Skip to content

Advertisement

You're viewing the new version of our site. Please leave us feedback.

Learn more

BMC Medical Informatics and Decision Making

Open Access
Open Peer Review

This article has Open Peer Review reports available.

How does Open Peer Review work?

Adherence and factors affecting satisfaction in long-term telerehabilitation for patients with chronic obstructive pulmonary disease: a mixed methods study

BMC Medical Informatics and Decision MakingBMC series – open, inclusive and trusted201616:26

https://doi.org/10.1186/s12911-016-0264-9

Received: 10 November 2015

Accepted: 18 February 2016

Published: 25 February 2016

Abstract

Background

Telemedicine may increase accessibility to pulmonary rehabilitation in chronic obstructive pulmonary disease (COPD), thus enhancing long-term exercise maintenance. We aimed to explore COPD patients’ adherence and experiences in long-term telerehabilitation to understand factors affecting satisfaction and potential for service improvements.

Methods

A two-year pilot study with 10 patients with COPD was conducted. The intervention included treadmill exercise training at home and a webpage for telemonitoring and self-management combined with weekly videoconferencing sessions with a physiotherapist. We conducted four separate series of data collection. Adherence was measured in terms of frequency of registrations on the webpage. Factors affecting satisfaction and adherence, together with potential for service improvements, were explored through two semi-structured focus groups and an individual open-ended questionnaire. Qualitative data were analysed by systematic text condensation. User friendliness was measured by the means of a usability questionnaire.

Results

On average, participants registered 3.0 symptom reports/week in a web-based diary and 1.7 training sessions/week. Adherence rate decreased during the second year. Four major themes regarding factors affecting satisfaction, adherence and potential improvements of the intervention emerged: (i) experienced health benefits; (ii) increased self-efficacy and independence; and (iii) emotional safety due to regular meetings and access to special competence; (iv) maintenance of motivation. Participants were generally highly satisfied with the technical components of the telerehabilitation intervention.

Conclusions

Long-term adherence to telerehabilitation in COPD was maintained for a two-year period. Satisfaction was supported by experienced health benefits, self-efficacy, and emotional safety. Maintenance of motivation was a challenge and might have affected long-term adherence. Four key factors of potential improvements in long-term telerehabilitation were identified: (i) adherence to different components of the telerehabilitation intervention is dependent on the level of focus provided by the health personnel involved; (ii) the potential for regularity that lies within the technology should be exploited to avoid relapses after vacation; (iii) motivation might be increased by tailoring individual consultations to support experiences of good health and meet individual goals and motivational strategies; (iv) interactive functionalities or gaming tools might provide peer-support, peer-modelling and enhance motivation.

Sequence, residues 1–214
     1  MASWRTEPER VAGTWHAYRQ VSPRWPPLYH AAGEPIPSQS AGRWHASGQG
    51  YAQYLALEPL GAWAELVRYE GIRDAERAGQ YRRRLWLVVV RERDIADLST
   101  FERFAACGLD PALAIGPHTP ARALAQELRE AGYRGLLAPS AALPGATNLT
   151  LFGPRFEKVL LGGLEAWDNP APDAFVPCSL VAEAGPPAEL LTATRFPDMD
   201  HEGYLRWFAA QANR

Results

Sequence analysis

Keywords

AdherenceChronic obstructive pulmonary diseaseExercisePulmonary rehabilitationSelf-managementTelemedicineTelerehabilitation

Background

Pulmonary rehabilitation (PR) is a well-documented component in the management of chronic obstructive pulmonary disease (COPD) [1]. The main goal of PR is to improve the patient’s overall condition, both physically and psychologically, and to promote long-term adherence of health-enhancing behaviour [2]. PR has proven effective in reducing dyspnoea and improving functional exercise capacity and quality of life [1, 2]. PR is a comprehensive intervention, which includes patient assessment, patient-tailored therapies, such as education, behaviour change, and self-management support [2]. Exercise training is a cornerstone of a PR program [2, 3]. Without any maintenance strategy, benefits after PR usually diminish after 6–12 months. Quality of life is reported better maintained than exercise capacity [2].

Available resources for PR vary among different health care settings and might affect attendance and adherence [2, 4]. Patients living in rural areas especially suffer from poor availability of PR programs [5, 6]. In Norway, specialist competence in PR in community settings is lower than in England and the Netherlands [7], and even fewer exercise maintenance programs are available for patients with COPD, especially in rural areas like Northern Norway. Attendance rate to PR is also negatively affected, as up to 50 % of those patients who are offered PR decide not to attend [2]. Barriers, which prevent patients from attending PR, include disruption of their everyday routine, travel or transportation difficulties, inconvenient timing of the program, lack of perceived benefit, lack of social support, low self-confidence, and fear of being breathless or exacerbating existing medical problems [2, 810]. High dropout rates are an additional challenge in PR. Dropout rates vary between studies, ranging from 10 % to 32 % [2]. A study investigating attendance and adherence by COPD patients to PR programs found that 29.1 % of the patients attending PR participated in less than 63 % of the sessions, and were categorised as "non-adherers". The study concluded that age, smoking status, availability of social support, travel distance, and markers of disease severity, in particular use of long-term oxygen therapy, were strong predictors of attendance and adherence to PR [11]. A qualitative study exploring the perspectives of patients with COPD on adherence to PR suggested that adherence could be enhanced by building confidence in the patient, fostering tangible results, and recognising and responding to the patient readiness and access issues [12].